As you can see, there are a great many opinions about this, and it should highlight to you that the placement of the incision is most often related to the individual surgeon's comfort with that approach...
Putting my own preferences aside (as much as I can), here's what makes most sense to me...
Understanding that because of your skin type, you are at high risk of pigmenting your scar no matter where it is placed, where would it be easiest to hide if it does pigment? My opinion- under your breast....
If your scar pigments around your areola or under your arm, it will be obvious, especially as you would have one on each side... Whereas placing them under your breasts would allow them to stay hidden (even when you are not wearing any clothing) until they fade.
More importantly however, is understanding that there are definitely technical details that can minimize your risk of pigmenting your scars- find the best surgeon you can and discuss this with them. With minor modifications in technique, the risk can be lowered.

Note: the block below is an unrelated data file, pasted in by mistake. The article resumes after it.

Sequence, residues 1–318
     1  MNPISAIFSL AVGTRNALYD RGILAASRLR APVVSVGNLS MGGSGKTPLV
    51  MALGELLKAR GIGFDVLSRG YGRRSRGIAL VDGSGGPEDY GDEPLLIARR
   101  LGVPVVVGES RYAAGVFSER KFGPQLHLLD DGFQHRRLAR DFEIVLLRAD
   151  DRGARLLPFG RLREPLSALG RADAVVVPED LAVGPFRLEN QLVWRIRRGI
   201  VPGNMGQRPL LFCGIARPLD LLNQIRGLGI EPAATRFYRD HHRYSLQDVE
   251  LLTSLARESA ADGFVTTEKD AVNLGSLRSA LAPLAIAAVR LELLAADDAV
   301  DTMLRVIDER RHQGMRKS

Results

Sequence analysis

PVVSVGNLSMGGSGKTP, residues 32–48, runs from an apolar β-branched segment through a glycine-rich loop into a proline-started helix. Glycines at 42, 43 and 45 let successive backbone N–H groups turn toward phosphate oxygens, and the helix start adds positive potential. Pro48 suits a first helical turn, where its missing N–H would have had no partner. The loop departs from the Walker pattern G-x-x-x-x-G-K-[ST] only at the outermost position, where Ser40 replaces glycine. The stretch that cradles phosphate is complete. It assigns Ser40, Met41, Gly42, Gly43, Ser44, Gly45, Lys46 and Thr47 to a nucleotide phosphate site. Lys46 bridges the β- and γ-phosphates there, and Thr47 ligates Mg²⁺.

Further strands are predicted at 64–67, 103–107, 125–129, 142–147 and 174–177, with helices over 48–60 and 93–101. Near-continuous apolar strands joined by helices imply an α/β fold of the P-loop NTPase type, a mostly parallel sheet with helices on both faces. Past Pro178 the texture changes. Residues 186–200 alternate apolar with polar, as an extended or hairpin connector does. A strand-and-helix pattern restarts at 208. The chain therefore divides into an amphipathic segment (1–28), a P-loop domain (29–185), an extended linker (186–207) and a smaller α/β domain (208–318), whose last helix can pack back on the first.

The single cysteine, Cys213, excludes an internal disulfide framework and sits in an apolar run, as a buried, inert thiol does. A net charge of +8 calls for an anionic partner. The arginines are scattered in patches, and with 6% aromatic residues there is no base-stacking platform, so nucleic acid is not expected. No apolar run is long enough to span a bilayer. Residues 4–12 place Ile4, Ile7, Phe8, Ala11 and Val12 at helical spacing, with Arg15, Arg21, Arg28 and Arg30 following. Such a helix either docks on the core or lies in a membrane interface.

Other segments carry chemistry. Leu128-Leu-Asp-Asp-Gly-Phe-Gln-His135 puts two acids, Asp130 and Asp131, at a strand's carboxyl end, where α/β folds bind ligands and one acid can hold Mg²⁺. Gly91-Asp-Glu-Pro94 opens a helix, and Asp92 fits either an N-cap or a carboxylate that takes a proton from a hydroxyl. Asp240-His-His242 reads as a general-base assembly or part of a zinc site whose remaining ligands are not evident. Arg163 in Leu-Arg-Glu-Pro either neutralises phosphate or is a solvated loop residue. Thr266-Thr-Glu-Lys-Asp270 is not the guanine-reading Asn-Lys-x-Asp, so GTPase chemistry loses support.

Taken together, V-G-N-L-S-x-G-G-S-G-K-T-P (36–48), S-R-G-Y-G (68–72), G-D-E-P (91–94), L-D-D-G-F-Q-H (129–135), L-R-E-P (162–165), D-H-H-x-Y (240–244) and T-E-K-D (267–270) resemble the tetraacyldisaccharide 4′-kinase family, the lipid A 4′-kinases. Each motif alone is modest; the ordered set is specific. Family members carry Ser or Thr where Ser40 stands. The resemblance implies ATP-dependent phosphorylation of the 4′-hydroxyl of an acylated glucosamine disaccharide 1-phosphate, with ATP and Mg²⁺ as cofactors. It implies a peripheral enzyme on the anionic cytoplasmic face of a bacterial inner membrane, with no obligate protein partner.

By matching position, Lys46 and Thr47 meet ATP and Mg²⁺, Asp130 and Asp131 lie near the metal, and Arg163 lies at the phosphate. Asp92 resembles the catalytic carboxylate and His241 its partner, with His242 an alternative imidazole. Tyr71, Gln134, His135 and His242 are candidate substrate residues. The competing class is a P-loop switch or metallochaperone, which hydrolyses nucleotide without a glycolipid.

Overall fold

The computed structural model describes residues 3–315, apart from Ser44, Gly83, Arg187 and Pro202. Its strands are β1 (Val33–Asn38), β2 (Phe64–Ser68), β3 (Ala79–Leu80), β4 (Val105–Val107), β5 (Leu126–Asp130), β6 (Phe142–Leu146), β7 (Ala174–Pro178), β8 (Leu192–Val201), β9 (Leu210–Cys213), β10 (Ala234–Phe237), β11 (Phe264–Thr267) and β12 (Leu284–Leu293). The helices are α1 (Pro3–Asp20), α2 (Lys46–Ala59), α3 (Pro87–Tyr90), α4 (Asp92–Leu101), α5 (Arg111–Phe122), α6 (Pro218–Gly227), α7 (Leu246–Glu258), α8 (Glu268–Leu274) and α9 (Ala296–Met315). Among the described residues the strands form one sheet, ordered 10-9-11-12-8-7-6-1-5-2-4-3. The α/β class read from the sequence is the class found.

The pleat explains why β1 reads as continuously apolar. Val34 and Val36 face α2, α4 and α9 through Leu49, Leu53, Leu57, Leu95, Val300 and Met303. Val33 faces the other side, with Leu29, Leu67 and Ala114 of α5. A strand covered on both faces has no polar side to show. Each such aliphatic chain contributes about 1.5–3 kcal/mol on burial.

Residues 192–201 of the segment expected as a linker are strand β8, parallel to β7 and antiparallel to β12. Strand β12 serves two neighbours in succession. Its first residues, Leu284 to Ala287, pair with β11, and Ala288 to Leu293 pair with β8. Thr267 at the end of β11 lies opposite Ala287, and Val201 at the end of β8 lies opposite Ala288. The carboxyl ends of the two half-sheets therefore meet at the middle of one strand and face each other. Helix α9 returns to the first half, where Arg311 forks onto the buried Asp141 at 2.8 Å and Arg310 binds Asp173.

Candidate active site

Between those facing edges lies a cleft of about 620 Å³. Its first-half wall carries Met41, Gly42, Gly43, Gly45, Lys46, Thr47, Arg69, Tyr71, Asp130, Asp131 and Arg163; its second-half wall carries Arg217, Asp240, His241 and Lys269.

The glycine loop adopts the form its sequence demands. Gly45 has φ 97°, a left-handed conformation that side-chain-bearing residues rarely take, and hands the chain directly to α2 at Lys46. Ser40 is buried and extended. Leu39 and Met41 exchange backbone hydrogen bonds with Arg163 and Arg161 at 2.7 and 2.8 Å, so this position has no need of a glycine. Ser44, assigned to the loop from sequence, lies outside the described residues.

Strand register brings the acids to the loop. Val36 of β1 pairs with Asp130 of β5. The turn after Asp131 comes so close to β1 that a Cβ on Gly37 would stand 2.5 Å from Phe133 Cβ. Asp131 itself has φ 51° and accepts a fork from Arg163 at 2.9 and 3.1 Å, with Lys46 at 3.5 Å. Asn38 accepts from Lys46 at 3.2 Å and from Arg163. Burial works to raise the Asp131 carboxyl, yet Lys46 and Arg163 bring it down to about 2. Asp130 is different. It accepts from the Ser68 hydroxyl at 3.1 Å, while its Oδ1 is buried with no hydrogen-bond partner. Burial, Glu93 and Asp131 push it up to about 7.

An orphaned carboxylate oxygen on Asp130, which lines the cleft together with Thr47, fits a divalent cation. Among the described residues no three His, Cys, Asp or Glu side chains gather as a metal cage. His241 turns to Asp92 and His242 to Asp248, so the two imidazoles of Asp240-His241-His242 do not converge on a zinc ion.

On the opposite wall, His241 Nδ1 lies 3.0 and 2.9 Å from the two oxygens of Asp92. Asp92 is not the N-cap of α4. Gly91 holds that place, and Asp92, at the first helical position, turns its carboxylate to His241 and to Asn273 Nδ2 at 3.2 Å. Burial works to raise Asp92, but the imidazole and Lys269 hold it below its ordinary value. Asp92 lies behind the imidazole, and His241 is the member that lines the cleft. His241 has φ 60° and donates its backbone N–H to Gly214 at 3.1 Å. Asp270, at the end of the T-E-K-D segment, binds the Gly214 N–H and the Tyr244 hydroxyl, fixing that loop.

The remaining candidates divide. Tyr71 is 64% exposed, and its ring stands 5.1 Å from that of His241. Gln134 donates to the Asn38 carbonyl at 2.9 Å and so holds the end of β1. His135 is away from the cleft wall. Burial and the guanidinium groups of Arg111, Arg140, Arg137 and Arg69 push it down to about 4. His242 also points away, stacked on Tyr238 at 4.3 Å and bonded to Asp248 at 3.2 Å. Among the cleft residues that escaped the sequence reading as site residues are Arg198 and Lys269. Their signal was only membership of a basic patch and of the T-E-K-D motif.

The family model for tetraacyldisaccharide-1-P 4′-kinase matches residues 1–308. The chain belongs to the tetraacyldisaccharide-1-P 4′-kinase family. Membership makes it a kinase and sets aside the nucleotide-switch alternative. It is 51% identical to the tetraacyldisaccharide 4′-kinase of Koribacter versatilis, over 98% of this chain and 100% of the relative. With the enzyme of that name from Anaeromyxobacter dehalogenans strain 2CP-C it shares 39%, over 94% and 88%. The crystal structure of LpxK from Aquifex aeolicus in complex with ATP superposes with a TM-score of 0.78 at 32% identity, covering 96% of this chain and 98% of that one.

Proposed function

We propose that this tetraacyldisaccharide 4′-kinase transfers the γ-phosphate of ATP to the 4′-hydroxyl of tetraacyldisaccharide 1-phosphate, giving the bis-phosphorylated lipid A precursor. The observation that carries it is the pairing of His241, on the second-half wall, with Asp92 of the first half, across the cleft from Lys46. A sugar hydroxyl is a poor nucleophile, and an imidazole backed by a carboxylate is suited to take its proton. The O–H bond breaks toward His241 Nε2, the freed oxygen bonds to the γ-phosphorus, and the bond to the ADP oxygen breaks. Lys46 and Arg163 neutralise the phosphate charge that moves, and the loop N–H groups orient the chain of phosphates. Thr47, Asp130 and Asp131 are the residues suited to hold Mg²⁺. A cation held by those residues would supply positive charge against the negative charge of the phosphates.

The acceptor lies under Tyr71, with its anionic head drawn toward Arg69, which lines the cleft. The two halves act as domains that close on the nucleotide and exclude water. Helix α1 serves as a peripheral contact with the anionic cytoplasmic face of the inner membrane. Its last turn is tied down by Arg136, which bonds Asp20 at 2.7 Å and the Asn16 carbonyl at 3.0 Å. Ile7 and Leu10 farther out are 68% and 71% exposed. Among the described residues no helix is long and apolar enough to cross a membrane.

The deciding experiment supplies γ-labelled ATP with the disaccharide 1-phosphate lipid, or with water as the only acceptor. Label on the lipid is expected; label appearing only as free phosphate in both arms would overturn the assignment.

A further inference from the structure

Breast Augmentation Incisions in People of Color
First question is what injury or incisions have you had in the past that have produced unfavorable pigmentation. Hyperpigmentation is usually caused by inflammation or hormonal influences. I would advise you to visit a board certified plastic surgeon to evaluate your previous scars. If you have unfavorable healing by exam then I would recommend an axillary incision. A transumbilical incision is possible (done plastic surgeons who have extensive experience via this incision) or a well placed crease incision in a well defined crease. I probably would recommend saline implants because the incisions are much smaller for these implants. Good Luck.